For Frequency Sake Fantasy Football How To Build A Dynasty

How To Build A Dynasty

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Five tips to gain an edge over your league mates
This is part two of a two-part series

by Michael Sicoli

Everyone loves fantasy football. Who doesn’t? It is a terrific game that makes the NFL larger than your favorite team. Likewise, for die-hard fantasy football players like myself, dynasty fantasy football is a way to make the NFL larger than one season.

Dynasty is a league format that has one “startup” draft and that’s it. Owners maintain the same roster and only add to it via trade or through the annual rookie draft, which is a mini draft that includes the new rookies.

The format forces people to think beyond a season, and to anticipate offseason moves. It adds complexity to those who view a normal fantasy league (“redrafts”) as simple and straightforward.

But no matter how savvy the owner, the transition from redraft to dynasty is a tricky one. This addition includes some important notes for first-time dynasty commissioners as well as other crucial pieces of information. Here are some more tips to remember in the second part of “How To Build A Dynasty.” Check out part one if you missed it.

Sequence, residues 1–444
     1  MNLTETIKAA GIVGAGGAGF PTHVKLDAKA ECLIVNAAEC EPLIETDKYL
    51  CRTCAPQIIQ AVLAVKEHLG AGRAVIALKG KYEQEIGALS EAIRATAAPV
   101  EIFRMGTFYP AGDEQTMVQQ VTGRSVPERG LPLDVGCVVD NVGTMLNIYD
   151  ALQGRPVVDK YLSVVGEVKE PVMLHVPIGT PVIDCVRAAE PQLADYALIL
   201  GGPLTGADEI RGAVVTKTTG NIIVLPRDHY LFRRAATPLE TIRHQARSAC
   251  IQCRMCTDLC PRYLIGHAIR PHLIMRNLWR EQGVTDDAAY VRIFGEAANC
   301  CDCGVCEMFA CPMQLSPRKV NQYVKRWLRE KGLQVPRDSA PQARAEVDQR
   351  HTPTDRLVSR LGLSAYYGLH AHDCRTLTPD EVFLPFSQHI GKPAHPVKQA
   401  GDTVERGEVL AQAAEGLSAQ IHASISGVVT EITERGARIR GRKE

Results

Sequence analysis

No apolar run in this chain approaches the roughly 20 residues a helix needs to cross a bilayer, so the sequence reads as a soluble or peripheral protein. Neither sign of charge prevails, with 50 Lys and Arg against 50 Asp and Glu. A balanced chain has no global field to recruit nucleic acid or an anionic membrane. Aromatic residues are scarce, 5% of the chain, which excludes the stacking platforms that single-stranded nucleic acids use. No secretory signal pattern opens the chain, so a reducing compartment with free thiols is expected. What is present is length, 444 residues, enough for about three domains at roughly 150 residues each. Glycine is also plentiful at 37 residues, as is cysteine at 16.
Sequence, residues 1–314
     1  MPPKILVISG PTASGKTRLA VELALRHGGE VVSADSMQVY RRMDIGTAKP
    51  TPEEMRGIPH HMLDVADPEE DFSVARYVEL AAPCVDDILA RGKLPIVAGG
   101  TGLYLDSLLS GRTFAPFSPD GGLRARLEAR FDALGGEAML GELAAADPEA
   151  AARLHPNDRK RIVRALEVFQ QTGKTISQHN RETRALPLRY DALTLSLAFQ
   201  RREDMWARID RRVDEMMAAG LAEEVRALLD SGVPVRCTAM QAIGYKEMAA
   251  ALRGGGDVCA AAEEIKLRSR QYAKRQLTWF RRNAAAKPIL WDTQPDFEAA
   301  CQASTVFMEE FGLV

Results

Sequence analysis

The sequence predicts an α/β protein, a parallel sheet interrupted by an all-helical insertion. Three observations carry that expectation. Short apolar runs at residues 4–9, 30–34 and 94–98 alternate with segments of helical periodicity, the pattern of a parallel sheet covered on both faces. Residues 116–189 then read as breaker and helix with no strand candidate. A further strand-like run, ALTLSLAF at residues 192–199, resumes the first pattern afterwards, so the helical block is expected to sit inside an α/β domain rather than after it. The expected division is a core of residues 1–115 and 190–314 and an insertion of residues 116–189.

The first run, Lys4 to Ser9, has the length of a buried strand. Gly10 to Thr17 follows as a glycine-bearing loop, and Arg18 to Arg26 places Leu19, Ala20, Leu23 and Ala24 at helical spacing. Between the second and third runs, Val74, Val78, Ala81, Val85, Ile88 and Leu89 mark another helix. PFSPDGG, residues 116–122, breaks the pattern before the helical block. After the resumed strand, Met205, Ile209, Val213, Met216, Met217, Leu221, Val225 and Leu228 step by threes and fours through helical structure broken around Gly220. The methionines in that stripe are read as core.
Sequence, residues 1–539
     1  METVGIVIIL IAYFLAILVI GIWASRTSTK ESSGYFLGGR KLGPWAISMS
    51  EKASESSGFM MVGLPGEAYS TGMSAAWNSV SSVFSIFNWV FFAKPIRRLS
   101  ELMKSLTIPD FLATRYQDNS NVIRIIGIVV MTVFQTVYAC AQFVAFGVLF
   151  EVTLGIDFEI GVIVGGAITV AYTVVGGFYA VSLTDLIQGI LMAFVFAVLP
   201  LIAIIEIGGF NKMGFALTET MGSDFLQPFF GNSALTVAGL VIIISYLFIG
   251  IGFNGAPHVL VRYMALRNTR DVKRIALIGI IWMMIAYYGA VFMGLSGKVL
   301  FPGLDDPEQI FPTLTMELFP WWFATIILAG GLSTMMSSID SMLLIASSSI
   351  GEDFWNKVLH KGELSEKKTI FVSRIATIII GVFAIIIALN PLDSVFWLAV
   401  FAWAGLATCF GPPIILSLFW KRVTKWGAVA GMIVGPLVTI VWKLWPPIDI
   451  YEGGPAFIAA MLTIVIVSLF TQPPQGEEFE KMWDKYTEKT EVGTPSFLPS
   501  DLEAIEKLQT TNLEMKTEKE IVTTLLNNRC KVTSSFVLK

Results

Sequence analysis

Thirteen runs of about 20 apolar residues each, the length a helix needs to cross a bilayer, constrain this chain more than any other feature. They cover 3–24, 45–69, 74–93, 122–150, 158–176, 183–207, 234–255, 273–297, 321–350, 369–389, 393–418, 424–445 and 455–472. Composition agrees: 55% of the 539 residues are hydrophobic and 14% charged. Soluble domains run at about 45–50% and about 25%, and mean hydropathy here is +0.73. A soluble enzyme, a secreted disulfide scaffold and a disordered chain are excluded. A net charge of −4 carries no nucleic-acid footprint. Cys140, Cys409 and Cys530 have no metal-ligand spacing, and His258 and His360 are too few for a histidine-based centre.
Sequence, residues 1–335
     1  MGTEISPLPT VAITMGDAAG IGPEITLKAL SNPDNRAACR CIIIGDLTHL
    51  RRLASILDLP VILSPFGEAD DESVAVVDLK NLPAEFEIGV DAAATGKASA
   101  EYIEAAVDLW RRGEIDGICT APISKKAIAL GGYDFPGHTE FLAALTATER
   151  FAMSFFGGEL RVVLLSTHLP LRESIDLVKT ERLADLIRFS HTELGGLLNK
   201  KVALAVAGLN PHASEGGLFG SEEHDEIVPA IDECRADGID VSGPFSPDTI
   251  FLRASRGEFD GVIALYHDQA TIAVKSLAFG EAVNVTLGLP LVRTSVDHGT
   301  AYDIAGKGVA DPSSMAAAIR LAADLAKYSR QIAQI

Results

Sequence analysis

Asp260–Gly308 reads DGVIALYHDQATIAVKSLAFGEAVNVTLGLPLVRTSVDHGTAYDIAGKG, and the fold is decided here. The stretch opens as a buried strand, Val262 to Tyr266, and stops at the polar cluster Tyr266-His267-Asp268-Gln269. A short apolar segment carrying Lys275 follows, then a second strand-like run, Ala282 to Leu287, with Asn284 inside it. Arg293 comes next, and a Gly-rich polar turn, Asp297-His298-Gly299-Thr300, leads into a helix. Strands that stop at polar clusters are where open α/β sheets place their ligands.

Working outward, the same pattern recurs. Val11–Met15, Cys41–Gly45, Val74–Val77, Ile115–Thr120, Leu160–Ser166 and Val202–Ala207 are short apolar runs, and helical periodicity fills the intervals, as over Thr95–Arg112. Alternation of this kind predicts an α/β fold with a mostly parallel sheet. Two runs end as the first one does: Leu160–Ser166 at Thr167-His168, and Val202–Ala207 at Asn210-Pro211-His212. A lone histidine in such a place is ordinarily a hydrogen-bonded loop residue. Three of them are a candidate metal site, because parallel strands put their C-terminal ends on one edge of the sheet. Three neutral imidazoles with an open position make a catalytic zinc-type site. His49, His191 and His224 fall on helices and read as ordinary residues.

1. Be wary of buying running backs.

The mentality of the redraft player is to acquire top-end running back talent, given their constant usage and relatively high-floor, high-ceiling situations. The mentality of a dynasty player is to acquire top-end talent. Running backs are still important, and their fantasy production can easily be the difference-maker between a championship and failure. But the average career length of running backs is just 2.57 years, the lowest out of the fantasy positions. There is simply too much turnover at the position. Rookie running backs are always a hot commodity, and they should be for fantasy due to their contracts. But when they dry up, they can often be found twiddling their thumbs on the free agency bench. Todd Gurley, Le’Veon Bell, David Johnson and Leonard Fournette were all top ten picks in 2018. Sure, Gurley may have won you a title in 2018. But beyond that season, each of these prospects are significantly weaker assets today. There is risk built into every pick, but the odds that a running back falls out of favor a year or two after being drafted in fantasy is far more likely than a wide receiver. It also hurts your team more if you miss on a running back given the assets needed to acquire one.